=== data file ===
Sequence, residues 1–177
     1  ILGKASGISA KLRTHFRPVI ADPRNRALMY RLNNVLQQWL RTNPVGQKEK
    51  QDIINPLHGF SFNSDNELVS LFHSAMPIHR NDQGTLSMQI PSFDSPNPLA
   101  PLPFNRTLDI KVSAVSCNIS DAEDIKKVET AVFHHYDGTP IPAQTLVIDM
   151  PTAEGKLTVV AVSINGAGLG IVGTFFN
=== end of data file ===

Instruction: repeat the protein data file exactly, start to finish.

Sequence, residues 1–177
     1  ILGKASGISA KLRTHFRPVI ADPRNRALMY RLNNVLQQWL RTNPVGQKEK
    51  QDIINPLHGF SFNSDNELVS LFHSAMPIHR NDQGTLSMQI PSFDSPNPLA
   101  PLPFNRTLDI KVSAVSCNIS DAEDIKKVET AVFHHYDGTP IPAQTLVIDM
   151  PTAEGKLTVV AVSINGAGLG IVGTFFN